What Is This Good Friday Business About?

I call this video and reflection from St. Frances de Sales a “gateway drug” to the day. What an encouraging thing that people do stop today and reflect — even if it is the very least we can do. Stop today and reflect. (She says as she posts to the Corner!)

NR’s late religion editor, Fr. Richard John Neuhaus, left us a great gift in his book Death on a Friday Afternoon — why is Good Friday “good”? He gives a taste here, from the book:

The angels were stunned, the stars hid their light, the universe went silent at the audacity of it, the wrongness of it, the outrageousness of it. The Judge of the guilty is himself judged guilty. Here now at last, in all the think catalogue of human rebellion, is the lie so brazen as to surely bring down upon the heads of the insurrectionists as punishment swift and terrible. But no, the prisoner standing in the dock calmly responds, “For this was I born, and for this I have come into the world, to bear witness to the truth. Every one who is of the truth hears my voice.”

In perfect freedom, the Son become the goat become the Lamb of God is condemned by the lie in order to bear witness to the truth. The truth is that we are incapable of setting things right. The truth is that the more we try to set things right, the more we compound our guilt. It is not enough for God to take our part. God must take our place. All the blood of goats and lambs, all the innocent victims from the foundation of the world, all the acts of expiation and reparation, they only make things worse. They all strengthen the grip of the great lie that we can set things right. The grip of the lie is broken by the greatest of lies, “God is guilty!”

God must die. It is a lie so monstrous that to suggest it invites instant annihilation – except that God accepts the verdict. Those who know the awful truth hear his voice. . . .


To those who are accustomed to living in a world turned upside down, setting it right cannot help but appear to be turning it upside down. With our first parents we reached for the power to name good and evil, thinking to assert control, and thereby we lost control. With the prodigal son, we grabbed what we could and ended up impoverished and alone in a distant country. Because God is not the God of the philosophers, because God is the God of Abraham, Isaac, and Jacob, because God is love, He sent His Son to the far country to share our lot, to bear the consequences of our folly, to lead us home to the waiting father.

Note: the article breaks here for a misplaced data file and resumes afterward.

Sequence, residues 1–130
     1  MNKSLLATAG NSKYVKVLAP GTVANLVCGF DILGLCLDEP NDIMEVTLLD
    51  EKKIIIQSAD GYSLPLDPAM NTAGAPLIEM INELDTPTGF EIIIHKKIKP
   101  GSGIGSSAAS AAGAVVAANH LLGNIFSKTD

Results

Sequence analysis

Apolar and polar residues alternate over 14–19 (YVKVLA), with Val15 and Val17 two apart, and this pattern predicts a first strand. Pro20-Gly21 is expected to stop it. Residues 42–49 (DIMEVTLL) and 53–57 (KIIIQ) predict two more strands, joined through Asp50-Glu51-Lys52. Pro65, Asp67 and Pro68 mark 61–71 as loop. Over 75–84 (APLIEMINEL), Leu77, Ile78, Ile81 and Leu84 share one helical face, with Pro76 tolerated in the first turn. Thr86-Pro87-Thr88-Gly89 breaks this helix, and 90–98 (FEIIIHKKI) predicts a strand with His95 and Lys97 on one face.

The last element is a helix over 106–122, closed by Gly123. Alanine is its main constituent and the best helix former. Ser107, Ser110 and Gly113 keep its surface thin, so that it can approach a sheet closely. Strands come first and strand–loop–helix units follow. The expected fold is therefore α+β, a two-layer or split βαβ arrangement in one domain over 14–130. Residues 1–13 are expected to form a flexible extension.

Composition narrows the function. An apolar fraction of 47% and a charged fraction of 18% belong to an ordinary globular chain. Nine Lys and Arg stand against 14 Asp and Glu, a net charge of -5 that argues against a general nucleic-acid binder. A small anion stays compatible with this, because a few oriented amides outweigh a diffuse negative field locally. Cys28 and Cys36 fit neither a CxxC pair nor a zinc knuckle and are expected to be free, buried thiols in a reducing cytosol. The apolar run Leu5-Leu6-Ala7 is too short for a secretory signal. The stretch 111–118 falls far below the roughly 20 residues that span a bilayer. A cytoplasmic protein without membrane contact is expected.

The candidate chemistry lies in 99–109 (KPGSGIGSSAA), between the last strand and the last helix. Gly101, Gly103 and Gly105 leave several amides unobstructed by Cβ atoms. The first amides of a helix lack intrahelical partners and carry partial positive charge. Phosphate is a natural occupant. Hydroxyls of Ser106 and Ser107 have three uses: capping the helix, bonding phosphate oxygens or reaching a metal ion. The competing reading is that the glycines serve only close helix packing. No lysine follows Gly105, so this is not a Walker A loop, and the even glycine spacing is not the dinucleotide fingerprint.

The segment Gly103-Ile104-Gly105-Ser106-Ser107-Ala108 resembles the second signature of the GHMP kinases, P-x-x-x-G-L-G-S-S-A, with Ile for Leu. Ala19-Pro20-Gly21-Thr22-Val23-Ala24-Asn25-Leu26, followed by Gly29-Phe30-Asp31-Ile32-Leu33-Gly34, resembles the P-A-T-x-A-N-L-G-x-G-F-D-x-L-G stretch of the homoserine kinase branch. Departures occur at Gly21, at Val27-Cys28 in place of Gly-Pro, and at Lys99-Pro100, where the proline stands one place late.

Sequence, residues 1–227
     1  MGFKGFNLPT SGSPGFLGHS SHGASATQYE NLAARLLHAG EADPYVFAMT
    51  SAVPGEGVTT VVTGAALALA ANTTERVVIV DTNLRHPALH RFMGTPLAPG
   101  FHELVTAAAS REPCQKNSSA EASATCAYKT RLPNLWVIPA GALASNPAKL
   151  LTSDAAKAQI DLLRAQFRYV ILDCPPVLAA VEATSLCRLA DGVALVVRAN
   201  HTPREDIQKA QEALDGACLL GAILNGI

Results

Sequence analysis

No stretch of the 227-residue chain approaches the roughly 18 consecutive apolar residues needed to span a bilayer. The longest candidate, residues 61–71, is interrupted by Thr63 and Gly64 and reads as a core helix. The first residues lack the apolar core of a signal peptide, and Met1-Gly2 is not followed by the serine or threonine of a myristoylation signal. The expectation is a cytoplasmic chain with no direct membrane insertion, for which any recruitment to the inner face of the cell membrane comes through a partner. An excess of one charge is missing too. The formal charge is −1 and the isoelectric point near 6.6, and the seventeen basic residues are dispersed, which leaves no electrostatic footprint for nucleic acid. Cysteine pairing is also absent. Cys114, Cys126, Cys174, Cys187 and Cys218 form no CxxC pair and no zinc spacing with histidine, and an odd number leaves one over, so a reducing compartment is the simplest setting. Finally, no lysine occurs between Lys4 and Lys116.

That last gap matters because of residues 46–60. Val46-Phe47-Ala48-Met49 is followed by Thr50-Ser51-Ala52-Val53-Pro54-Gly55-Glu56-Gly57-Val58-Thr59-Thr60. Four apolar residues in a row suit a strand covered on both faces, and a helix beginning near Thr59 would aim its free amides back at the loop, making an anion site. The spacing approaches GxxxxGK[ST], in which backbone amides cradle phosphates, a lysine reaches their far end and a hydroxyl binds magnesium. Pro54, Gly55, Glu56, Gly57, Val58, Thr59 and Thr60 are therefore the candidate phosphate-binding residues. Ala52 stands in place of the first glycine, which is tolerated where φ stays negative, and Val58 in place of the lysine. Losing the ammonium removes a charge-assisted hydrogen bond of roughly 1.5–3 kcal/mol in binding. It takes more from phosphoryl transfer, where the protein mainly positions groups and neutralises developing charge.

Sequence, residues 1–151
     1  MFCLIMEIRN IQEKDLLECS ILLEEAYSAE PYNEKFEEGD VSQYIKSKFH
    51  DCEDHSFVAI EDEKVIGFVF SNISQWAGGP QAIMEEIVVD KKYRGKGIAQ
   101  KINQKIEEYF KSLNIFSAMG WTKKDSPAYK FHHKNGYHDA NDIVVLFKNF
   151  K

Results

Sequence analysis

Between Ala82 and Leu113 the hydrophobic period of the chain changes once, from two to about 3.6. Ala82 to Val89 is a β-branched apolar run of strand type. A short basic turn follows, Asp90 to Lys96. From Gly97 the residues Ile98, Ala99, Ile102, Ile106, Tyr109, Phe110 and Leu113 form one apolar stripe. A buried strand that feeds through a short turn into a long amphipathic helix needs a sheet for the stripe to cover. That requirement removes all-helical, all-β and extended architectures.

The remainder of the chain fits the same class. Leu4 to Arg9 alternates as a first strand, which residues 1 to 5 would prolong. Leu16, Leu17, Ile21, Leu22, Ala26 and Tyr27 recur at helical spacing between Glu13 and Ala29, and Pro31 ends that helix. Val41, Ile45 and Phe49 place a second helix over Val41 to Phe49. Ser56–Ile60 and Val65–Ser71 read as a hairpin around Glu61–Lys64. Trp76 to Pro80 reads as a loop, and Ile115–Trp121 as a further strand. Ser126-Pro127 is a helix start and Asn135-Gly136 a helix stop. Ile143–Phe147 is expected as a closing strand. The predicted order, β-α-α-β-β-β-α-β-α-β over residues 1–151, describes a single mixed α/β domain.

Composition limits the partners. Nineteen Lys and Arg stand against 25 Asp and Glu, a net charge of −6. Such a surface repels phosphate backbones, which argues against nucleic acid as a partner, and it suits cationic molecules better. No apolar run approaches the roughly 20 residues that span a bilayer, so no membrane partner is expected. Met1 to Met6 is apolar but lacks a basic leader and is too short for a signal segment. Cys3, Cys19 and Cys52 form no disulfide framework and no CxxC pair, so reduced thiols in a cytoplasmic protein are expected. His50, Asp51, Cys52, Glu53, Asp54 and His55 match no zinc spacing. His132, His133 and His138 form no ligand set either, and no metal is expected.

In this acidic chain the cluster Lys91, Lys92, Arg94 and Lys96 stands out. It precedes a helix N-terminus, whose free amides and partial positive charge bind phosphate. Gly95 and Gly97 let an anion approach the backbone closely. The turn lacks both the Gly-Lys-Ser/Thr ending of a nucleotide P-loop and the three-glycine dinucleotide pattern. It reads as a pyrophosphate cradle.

Such a way of love violates our sense of justice. With John the Baptizer we protest. But Jesus says, “Let it be so now; for thus it is fitting for us to fulfill all righteousness.” Note that he says “thus it is fitting for us to fulfill all righteousness.” He fulfills all righteousness, he does what must be done to set things right, by assuming the burden of our every human wrong. And we, too, have a part in fulfilling all righteousness by letting him do for us what we could not do for ourselves. On the one hand, we would not dare ask him to go to the cross. On the other, we joined in humanity’s determination to acquit ourselves by condemning him to the cross. It is the necessary outcome of the verdict, “God is guilty.”

Those who issue a verdict so grotesque deserve to die. Justice would seem to demand it. But God made the long journey into our distant country not to destroy but to give life. John’s Gospel puts it this way: “For God sent the Son into the world, not to condemn the world, but that the world might be saved through him.” Even if salvation requires that God is the one who is condemned. God cannot agree to a verdict so manifestly unjust, but He does submit to the sentence that the verdict entails.

If we have even the slightest sense of justice, we recoil at the thought. But what else is to be done about all that has gone wrong? Is there any alternative to its being set right by a yet greater wrong? Or can that greater wrong really be wrong if it is the judgment of God that it should be? If we say this way of atonement is wrong, we are back in the garden presuming to name right and wrong, good and evil. Love is the justice of the God who is love. To John the Baptizer and to us Jesus says, “Let it be so now.” God asks for our consent. Before such a mystery of unbounded love that is bound even to die for the beloved, we offer not only our consent but gratitude exultant. O felix culpa! “O happy fault! O necessary sin of Adam that gained for us so great a Redeemer!” . . .

Atonement. At-one-ment. What was separated by an abyss of wrong has been reconciled by the deed of perfect love. What the first Adam destroyed the second Adam has restored. “Father, forgive them, for they know not what they do.” We knew not what we did when we reached for the right to name good and evil. We knew not what we did when we grabbed what we could and went off to a distant country. We knew not what we did when, in the madness of excusing ourselves, we declared God guilty. But today we have come to our senses. Today, here at the cross, our eyes are fixed on the dying derelict who is the Lord of life. We look at the one who is everything that we are and everything that we are not, the one who is true man and true God. In him we, God and man, are perfectly one. At-one-ment. Here, through the cross, we have come home. Home to the truth about ourselves. Home to the truth about what God has done about what we have done. And now we know, or begin to know, why this awful, awe-filled Friday is called good.

Kathryn Jean Lopez — Kathryn Jean Lopez is a senior fellow at the National Review Institute and an editor-at-large of National Review. Sign up for her weekly NRI newsletter here. This column is based on one available through Andrews McMeel Universal’s Newspaper Enterprise Association.